Julia Merrow has a secret almost as dark as Watermere’s. But when she and Paul fall in love they think their problems might be over. How can they know what Fate—and Annabel—have in store for them? Who could imagine that what was once a moldering corpse in a forest grave is growing stronger every day, eager to take her rightful place amongst the horrors of Watermere?

Thanks to Flame Tree Press, it's time to review another Jonathan Janz ARC. 😊

Paul Carver is headed to his new home, a large Victorian mansion he inherited from an uncle he didn't even know. He's leaving Memphis behind, which includes a controlling girlfriend and a family who doesn't respect him. He's ready to start a new life, and hopefully write the book he's convinced he has inside him.

Julia Merrow is a librarian. She loves poetry and playing the piano. She also happens to be beautiful and constantly catches the eye of creepers desperate to possess her body. All she wants to do is get on with her life, but these men won't let her.

When Paul and Julia meet, their mutual attraction sparks instantly. But them coming together awakens an evil lurking in their family's past, and starts a chain reaction full of lust, violence and murder...

OMGosh. What can I say about this book? Except that I was once again hooked into another Janz horror novel and wasn't disappointed.

On the surface, this sounds like your basic haunted house story: guy inherits a rundown mansion, moves in with the intention to fix it, hopes to write a novel, starts hearing noises behind the walls, meets a beautiful girl, and then finds himself in a lot of trouble.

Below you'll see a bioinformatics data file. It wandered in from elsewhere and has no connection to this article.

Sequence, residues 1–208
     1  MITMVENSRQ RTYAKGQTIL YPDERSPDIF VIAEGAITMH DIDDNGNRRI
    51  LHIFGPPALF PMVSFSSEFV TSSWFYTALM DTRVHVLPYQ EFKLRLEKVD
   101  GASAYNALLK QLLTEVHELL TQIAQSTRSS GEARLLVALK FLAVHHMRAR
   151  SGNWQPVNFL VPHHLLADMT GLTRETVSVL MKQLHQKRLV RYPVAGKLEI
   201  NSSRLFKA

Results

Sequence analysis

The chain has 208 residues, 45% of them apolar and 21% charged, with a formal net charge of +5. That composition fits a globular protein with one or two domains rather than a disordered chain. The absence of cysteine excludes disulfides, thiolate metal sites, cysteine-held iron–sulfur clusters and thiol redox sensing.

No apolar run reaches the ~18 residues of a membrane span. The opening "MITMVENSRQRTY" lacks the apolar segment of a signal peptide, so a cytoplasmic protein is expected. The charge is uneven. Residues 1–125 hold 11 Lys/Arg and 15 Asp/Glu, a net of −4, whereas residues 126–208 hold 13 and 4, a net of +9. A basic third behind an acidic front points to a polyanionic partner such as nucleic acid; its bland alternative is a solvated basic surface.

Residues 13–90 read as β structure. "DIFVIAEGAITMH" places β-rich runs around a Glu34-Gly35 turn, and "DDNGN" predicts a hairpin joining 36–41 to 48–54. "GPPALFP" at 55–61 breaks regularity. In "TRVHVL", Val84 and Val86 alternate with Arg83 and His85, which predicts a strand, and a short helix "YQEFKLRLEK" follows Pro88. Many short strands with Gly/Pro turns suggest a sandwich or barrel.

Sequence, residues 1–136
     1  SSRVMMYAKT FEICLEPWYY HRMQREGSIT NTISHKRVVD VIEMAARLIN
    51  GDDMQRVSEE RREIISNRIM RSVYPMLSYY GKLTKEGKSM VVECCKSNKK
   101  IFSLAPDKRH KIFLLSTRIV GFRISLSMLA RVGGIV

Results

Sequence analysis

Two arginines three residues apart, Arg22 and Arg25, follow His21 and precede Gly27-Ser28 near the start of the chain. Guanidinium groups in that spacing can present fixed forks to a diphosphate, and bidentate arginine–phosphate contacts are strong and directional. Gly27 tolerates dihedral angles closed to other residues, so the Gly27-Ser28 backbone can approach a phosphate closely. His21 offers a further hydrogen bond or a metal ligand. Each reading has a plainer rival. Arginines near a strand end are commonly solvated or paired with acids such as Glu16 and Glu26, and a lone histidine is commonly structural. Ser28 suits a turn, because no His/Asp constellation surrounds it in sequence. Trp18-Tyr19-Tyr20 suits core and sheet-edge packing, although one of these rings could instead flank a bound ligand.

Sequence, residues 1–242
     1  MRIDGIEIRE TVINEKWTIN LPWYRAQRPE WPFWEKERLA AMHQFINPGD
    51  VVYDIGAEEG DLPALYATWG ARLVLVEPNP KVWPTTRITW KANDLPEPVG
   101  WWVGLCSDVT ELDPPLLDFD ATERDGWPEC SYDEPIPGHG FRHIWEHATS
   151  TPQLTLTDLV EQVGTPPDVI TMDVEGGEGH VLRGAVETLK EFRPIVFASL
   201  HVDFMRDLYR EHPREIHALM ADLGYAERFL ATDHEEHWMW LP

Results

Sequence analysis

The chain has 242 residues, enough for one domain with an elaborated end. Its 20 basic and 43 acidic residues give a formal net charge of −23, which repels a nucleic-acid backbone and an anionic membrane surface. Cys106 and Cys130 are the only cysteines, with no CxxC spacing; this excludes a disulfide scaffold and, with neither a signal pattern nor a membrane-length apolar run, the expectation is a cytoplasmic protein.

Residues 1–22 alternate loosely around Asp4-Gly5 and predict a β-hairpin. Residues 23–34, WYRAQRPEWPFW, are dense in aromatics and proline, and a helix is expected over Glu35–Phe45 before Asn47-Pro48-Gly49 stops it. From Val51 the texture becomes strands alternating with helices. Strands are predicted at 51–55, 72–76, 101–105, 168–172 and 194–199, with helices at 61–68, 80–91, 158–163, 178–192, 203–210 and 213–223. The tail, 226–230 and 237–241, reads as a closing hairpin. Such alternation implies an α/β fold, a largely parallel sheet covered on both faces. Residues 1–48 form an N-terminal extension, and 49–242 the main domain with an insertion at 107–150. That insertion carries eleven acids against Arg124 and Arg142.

But, there's SO much more. A lot of darkness bubbling below the surface. And that's before getting to the murder of victims who deserve what they get. Well, until something happens to someone who definitely doesn't deserve it. But I wasn't surprised when it did because this book starts normal and doesn't take long to dive headfirst into total insanity.

There are no boundaries here. There's a lot of violence, the creepiness is amped to an impossible degree, it ventures into uncomfortable asshole territory, it's full of eerie imagery, and is packed with plenty of freaky shit. There's also some pretty icky relationship stuff, but nothing that put me off the story.

The book is written in the POV of multiple characters--all intimately involved in what's going on in the house--as well as several of the hideous and very perverted past residents of Watermere. The time jumps also work really well, because the revelations from the past tie everything together.

I really liked the main characters, especially Julia and Sheriff Barlow. Even the characters I didn't like--Annabel, Myles, Barbara--were well written and kept me glued to the page.

House of Skin is a disturbing story about an evil so terrible, she spans through history and either manipulates or destroys everyone in her path. It's an interesting take on the haunted house trope, with an added corrupt twist that leads to a shocking end. 😵

This is another great book by this author. I'm glad I have one more of his ARCs left to read.

Monday, 29 April 2019


Mary Ventura and the Ninth Kingdom
My rating: 5 of 5 stars

This is my second Plath book--but first story--and I absolutely loved it.

This is definitely one of those stories that will stay with me for a long, long time. Not just because it's so well written, but because it's multi-layered, open to interpretation, contains peculiar characters (loved Mary's innocence and the knitting lady's knowledge), and really makes you think.

When Mary Ventura gets on the train, it seems like her parents are really eager for her to go on this trip. They're quite pushy about it, even cold about their determination to get their daughter to leave. It's not until the train starts moving and the imagery surfaces all around Mary that I realised just how morbid the beginning was.